El Bicho's Hive

A Collection of Reviews Covering the Worlds of Art and Entertainment alongside other Snobbish Ramblings.

Thursday, September 02, 2004

Milt Jackson
Riverside Records

Milt Jackson, first gained notoriety as a jazz vibraphonist when he was a part of the rhythm section of Dizzy Gillespie’s big band in the late 1940s. From there he went to become a co-founder of the Modern Jazz Quartet along with pianist John Lewis

The first two tracks on this album are “Opus De Funk” and “Stonewall” from recordings he made for Prestige Records back in 1954 and 1955. They both include pianist Horace Silver who was in between Jazz Messenger sessions. All the other tracks are from Riverside Records between 1958-1963.

Milt is versatile on this disc. He is able to take the lead of the different orchestras and groups he fronted, while at the same time blending his sound into a piece, such as when he’s playing with alto saxophonist Cannonball Adderley on “Blues Oriental” or guitarist Wes Montgomery on the two tracks from Bags Meets Wes!

Lovers of big bands music should enjoy the Jackson penned tune “Namesake” where the horn section gets to cut loose and wail. It’s too bad the composition is only three and half minutes because they could have exchanged solos all night for my tastes.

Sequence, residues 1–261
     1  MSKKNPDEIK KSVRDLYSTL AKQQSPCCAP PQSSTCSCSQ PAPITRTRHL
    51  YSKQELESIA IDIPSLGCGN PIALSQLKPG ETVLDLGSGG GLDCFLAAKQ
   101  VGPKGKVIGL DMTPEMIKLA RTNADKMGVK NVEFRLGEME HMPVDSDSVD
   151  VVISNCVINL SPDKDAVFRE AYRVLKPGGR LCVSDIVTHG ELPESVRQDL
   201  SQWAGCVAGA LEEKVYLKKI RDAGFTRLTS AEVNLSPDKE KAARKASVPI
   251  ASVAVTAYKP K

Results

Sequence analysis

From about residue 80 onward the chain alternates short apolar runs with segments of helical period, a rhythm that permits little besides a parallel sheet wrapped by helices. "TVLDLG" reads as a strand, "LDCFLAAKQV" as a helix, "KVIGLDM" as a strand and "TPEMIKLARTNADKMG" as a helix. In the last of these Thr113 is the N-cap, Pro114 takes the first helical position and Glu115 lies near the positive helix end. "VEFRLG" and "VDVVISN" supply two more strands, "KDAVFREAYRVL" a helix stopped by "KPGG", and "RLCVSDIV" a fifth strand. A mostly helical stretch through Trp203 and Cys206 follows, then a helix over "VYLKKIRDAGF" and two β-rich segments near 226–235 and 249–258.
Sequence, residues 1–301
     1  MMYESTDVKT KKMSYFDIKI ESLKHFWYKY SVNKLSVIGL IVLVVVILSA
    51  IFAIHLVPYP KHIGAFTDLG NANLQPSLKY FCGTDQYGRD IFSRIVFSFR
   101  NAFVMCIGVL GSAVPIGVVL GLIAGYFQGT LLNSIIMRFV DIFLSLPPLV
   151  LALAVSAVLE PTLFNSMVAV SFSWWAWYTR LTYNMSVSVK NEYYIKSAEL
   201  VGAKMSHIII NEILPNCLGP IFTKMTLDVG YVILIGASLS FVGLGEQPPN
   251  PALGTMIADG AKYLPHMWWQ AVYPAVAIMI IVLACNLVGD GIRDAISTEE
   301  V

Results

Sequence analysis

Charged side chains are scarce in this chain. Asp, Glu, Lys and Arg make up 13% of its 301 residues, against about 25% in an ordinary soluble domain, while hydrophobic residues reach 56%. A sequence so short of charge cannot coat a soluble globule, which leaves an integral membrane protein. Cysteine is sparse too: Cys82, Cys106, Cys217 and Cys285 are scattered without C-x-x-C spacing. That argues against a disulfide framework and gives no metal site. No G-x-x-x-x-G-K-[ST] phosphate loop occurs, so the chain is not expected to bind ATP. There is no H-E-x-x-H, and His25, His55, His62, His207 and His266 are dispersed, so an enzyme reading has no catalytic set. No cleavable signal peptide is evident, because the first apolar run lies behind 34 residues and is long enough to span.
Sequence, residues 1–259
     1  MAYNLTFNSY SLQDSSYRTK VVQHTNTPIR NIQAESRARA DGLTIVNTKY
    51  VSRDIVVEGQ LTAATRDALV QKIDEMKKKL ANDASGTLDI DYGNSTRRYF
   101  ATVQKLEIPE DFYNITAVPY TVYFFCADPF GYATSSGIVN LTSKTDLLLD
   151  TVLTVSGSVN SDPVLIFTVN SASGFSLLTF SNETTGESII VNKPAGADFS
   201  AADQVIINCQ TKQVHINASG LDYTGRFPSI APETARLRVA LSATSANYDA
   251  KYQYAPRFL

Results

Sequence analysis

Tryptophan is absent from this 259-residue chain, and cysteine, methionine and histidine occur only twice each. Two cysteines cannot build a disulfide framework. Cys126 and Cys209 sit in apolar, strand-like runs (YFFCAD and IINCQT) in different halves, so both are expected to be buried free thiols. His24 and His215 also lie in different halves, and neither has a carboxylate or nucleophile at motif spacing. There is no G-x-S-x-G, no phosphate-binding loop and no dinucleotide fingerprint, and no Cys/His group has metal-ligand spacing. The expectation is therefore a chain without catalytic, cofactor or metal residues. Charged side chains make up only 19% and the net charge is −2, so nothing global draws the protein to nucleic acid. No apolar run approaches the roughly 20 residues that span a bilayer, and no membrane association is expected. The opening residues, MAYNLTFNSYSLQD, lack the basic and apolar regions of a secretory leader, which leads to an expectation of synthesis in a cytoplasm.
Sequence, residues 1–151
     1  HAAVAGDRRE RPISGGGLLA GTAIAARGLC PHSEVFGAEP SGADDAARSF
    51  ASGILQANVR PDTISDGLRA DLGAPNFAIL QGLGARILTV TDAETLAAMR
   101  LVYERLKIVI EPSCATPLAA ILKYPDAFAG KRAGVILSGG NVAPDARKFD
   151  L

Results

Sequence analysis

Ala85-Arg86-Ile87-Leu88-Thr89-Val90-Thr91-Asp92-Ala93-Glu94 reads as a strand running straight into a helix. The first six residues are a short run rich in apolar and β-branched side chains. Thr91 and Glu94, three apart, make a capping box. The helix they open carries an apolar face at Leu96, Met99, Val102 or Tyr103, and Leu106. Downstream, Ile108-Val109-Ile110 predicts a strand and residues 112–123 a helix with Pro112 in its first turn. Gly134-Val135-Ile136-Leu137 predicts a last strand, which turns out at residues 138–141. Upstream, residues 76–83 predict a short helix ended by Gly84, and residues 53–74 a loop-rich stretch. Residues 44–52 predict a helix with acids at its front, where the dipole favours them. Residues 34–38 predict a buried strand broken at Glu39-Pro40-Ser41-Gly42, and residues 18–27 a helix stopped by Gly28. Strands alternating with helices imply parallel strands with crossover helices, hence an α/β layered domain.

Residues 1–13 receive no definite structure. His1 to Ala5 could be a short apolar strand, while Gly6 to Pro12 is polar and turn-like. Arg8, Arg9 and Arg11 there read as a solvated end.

The last two tracks are live performances by the Milt Jackson Quintet at the Village Gate, a club that in the early ‘60s was competing with the Village Vanguard as the jazz club of New York. We get to hear Milt and his crew solo. It would have been nice to have the studio tracks to make comparisons with to see how inventive the Quintet was live, but I don’t know if they exist.

This CD was remastered in 2004 and sounds great. It’s certainly not comprehensive of the man’s talents, but there’s only so much that can fit on one CD. It is a great compilation of Jackson’s work from the mid-50’s to mid-60’s and is a perfect starting point for anyone interested in exploring his catalogue. It’s an excellent selection to be played at your next martini party.